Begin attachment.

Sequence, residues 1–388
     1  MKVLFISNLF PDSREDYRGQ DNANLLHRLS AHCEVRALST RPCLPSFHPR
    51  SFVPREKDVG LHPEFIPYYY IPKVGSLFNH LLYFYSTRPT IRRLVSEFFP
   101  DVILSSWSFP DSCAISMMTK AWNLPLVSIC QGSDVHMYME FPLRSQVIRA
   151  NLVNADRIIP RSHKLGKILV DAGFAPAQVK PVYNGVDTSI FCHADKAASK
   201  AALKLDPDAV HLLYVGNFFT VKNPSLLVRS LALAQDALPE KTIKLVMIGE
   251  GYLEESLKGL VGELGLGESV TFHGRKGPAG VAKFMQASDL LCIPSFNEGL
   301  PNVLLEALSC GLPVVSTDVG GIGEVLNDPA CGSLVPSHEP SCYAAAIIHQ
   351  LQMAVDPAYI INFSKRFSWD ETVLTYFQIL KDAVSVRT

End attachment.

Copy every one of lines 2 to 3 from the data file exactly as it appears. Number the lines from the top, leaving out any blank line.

     1  MKVLFISNLF PDSREDYRGQ DNANLLHRLS AHCEVRALST RPCLPSFHPR
    51  SFVPREKDVG LHPEFIPYYY IPKVGSLFNH LLYFYSTRPT IRRLVSEFFP